Observations by the author indicates that predatory fishes in the same habitat, mostly cottids and pholids, rarely eat Lacuna or Stenopleustes when they are on eelgrass blades, but will readily eat the amphipod if it starts to swim, which it does usually only if disturbed.  In laboratory feeding experiments with the 2 commonest predatory fishes in the habitat, tidepool sculpins Oligocottus maculosus and crescent gunnels Pholis laeta, when Stenopleustes is paired with a non-mimetic, co-occurring gammarid amphipod (not identified, but one that commonly swims), only 9% of the Stenopleustes are eaten compared with 63% of the gammarid species.

The author is not certain why Lacuna is not eaten from its visually obvious perch on the eelgrass blades, but suggests that it may owe to the property of the protective shell or to chemical distastefulness. If it is eaten, the snail often passes through the fish’s digestive tract alive. Is it possible that Stenopleustes is itself distasteful to fishes or otherwise unattractive as food to the fishes?  This question always arises in cases of purported Batesian mimicry and is often difficult to answer.  However, the fact that fishes will prey on the amphipod when it betrays itself by swimming suggests that it is, indeed, palatable.  Field experiments would be necessary to demonstrate positively the existence of the mimicry.  The author concludes by stating that by resembling a conspicuous and inedible snail, Stenopleustes enjoys a protective advantage from being eaten by fishes in its eelgrass habitat.   Field 1974 Pac Sci 28: 439.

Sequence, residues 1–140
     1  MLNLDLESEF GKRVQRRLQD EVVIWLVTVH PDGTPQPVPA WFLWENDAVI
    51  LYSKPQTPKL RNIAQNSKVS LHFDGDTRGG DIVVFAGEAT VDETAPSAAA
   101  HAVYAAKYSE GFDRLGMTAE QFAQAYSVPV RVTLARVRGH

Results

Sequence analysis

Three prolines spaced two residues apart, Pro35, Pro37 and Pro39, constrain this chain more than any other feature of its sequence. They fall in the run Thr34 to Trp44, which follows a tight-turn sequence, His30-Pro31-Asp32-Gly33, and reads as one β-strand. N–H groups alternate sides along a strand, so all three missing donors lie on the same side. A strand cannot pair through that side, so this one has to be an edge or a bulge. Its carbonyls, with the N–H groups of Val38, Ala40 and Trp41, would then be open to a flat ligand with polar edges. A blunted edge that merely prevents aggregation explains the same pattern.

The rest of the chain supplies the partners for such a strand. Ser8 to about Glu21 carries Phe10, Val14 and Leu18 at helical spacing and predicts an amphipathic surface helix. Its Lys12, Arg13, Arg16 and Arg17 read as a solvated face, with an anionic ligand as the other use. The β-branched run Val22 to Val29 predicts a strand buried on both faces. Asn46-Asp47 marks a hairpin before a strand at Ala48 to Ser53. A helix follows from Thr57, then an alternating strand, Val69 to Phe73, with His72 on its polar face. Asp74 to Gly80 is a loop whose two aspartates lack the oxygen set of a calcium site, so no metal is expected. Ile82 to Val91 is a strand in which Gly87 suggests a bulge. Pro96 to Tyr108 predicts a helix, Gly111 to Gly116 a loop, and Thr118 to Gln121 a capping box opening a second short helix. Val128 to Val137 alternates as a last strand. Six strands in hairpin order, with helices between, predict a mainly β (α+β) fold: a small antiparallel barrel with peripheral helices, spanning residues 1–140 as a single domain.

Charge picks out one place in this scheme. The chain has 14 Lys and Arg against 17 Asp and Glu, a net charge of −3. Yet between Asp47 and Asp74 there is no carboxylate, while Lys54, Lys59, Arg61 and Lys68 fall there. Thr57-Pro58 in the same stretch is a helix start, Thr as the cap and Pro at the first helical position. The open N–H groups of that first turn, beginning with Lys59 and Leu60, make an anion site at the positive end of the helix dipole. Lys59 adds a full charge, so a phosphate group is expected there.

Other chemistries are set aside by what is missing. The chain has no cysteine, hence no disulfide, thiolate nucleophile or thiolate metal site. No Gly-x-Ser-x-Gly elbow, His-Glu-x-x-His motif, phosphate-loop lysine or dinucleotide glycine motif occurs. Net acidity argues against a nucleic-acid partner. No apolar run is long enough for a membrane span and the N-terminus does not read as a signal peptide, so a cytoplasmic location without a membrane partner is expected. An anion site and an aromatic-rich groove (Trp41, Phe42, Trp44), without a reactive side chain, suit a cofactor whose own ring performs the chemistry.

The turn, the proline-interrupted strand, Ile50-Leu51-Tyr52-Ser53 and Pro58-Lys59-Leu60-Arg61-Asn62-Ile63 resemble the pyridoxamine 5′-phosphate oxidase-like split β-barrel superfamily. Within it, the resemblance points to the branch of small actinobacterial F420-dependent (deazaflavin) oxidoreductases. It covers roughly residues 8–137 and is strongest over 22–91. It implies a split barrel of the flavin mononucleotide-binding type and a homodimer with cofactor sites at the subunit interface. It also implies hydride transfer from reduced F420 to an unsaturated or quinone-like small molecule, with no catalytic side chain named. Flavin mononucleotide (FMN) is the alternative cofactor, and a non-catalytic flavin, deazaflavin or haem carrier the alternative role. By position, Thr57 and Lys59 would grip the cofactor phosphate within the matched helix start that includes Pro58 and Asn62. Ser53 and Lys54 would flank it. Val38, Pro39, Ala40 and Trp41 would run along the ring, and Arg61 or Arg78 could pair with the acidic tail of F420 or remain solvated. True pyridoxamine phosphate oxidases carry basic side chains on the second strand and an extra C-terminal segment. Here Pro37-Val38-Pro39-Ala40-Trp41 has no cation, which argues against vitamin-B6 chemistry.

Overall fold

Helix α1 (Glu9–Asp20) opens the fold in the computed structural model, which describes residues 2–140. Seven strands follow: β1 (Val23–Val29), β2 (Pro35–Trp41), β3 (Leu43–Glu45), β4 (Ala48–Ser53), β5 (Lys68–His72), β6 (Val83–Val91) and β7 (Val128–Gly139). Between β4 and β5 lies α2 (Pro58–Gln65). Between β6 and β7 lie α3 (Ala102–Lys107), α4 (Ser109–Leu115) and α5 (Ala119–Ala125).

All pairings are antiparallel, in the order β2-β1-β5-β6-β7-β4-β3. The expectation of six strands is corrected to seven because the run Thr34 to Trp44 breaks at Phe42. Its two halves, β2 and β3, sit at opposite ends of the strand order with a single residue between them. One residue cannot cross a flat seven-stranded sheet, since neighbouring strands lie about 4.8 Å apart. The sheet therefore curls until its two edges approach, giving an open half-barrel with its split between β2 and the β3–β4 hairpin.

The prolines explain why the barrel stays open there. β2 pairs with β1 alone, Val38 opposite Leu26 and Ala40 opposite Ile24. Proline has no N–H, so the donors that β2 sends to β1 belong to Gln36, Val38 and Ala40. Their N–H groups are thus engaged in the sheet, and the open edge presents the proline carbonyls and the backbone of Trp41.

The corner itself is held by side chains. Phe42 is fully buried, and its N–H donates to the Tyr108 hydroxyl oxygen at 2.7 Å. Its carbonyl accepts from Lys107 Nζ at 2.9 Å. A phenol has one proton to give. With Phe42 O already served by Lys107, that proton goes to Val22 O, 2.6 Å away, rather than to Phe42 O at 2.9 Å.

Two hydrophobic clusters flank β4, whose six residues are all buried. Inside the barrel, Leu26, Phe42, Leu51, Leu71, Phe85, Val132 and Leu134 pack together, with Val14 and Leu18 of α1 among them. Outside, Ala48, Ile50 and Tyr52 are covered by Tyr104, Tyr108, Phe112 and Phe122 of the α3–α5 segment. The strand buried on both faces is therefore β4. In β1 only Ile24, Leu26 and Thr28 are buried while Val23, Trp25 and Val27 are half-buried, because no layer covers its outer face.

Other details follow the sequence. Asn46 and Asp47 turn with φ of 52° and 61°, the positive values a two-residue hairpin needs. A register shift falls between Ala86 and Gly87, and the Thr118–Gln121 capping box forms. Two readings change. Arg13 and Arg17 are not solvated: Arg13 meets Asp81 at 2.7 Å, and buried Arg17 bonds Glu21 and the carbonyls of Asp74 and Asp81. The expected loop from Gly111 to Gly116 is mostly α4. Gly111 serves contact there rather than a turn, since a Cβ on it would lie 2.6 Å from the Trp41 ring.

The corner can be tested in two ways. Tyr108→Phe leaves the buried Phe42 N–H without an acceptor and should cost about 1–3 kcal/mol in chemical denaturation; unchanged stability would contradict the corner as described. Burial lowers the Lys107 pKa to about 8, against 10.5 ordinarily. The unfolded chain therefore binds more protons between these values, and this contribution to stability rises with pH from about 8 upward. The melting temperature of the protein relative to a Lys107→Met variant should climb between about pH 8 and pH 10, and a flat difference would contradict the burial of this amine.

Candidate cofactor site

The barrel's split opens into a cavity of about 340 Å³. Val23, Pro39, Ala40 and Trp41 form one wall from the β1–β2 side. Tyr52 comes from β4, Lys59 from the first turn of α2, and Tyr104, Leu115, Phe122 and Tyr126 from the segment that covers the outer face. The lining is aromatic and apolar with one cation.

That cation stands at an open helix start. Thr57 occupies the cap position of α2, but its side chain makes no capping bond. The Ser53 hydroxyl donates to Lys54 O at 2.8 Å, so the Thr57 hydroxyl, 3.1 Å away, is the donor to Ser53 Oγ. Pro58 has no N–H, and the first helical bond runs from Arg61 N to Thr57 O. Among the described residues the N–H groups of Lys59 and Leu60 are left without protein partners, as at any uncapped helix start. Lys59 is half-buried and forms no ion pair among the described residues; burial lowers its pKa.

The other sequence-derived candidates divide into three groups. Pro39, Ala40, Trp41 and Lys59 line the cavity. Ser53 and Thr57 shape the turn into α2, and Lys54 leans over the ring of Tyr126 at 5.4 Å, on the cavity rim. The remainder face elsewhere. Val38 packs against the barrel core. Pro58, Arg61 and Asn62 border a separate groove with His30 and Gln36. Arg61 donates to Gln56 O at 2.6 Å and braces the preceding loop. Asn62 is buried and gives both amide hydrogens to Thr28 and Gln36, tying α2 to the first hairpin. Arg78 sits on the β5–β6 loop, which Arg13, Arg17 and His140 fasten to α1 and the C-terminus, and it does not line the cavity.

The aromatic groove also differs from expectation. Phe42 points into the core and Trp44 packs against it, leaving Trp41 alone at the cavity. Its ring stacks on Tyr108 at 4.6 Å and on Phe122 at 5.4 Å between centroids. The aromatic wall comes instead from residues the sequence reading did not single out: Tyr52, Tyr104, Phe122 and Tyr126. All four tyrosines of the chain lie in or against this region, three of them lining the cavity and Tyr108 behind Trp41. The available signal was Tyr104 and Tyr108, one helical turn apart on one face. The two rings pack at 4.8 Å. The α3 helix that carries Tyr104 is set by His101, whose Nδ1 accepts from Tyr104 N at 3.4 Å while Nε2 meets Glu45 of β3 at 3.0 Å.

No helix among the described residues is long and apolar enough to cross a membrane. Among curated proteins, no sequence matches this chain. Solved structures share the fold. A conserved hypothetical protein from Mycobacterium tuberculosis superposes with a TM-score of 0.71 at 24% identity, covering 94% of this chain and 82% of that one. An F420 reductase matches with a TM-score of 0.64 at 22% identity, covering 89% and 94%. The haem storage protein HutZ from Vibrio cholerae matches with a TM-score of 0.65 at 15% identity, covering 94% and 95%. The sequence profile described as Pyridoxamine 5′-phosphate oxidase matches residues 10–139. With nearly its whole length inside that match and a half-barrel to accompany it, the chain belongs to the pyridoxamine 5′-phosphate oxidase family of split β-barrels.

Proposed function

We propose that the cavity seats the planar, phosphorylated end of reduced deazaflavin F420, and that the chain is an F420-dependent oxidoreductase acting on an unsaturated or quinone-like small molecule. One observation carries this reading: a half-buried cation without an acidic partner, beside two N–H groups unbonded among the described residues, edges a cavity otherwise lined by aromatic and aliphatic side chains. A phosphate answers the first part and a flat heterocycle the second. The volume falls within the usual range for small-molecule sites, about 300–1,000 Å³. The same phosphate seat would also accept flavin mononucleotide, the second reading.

NOTE1  pleustids are gammarid amphipods.  Although mostly bottom-dwelling, they swim occasionally.  The Family Pleustidae is taxonomically large and in a state of almost continual revision. The genus Stenopleustes, referred to by the author, appears not to be valid, so it is not clear what the research species actually was, but it was certainly a pleustid